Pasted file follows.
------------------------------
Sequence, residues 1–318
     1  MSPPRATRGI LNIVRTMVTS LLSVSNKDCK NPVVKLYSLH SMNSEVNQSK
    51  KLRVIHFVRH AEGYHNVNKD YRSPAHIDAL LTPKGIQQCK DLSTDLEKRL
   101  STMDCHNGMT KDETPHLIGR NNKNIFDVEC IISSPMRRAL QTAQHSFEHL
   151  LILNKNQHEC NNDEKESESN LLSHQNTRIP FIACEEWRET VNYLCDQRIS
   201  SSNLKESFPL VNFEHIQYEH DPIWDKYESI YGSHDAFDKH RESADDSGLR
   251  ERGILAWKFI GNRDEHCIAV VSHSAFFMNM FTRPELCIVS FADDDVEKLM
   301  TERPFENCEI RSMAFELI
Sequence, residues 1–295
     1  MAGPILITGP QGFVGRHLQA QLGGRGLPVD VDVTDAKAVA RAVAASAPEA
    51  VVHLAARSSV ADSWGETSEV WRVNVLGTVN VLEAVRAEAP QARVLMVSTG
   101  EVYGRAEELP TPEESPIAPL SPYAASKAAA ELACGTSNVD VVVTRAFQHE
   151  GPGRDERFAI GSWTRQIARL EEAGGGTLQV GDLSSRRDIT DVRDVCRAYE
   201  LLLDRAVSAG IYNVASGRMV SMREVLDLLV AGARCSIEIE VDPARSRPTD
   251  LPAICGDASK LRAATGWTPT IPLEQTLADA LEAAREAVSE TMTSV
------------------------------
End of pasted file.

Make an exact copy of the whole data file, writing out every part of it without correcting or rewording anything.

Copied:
Sequence, residues 1–318
     1  MSPPRATRGI LNIVRTMVTS LLSVSNKDCK NPVVKLYSLH SMNSEVNQSK
    51  KLRVIHFVRH AEGYHNVNKD YRSPAHIDAL LTPKGIQQCK DLSTDLEKRL
   101  STMDCHNGMT KDETPHLIGR NNKNIFDVEC IISSPMRRAL QTAQHSFEHL
   151  LILNKNQHEC NNDEKESESN LLSHQNTRIP FIACEEWRET VNYLCDQRIS
   201  SSNLKESFPL VNFEHIQYEH DPIWDKYESI YGSHDAFDKH RESADDSGLR
   251  ERGILAWKFI GNRDEHCIAV VSHSAFFMNM FTRPELCIVS FADDDVEKLM
   301  TERPFENCEI RSMAFELI
Sequence, residues 1–295
     1  MAGPILITGP QGFVGRHLQA QLGGRGLPVD VDVTDAKAVA RAVAASAPEA
    51  VVHLAARSSV ADSWGETSEV WRVNVLGTVN VLEAVRAEAP QARVLMVSTG
   101  EVYGRAEELP TPEESPIAPL SPYAASKAAA ELACGTSNVD VVVTRAFQHE
   151  GPGRDERFAI GSWTRQIARL EEAGGGTLQV GDLSSRRDIT DVRDVCRAYE
   201  LLLDRAVSAG IYNVASGRMV SMREVLDLLV AGARCSIEIE VDPARSRPTD
   251  LPAICGDASK LRAATGWTPT IPLEQTLADA LEAAREAVSE TMTSV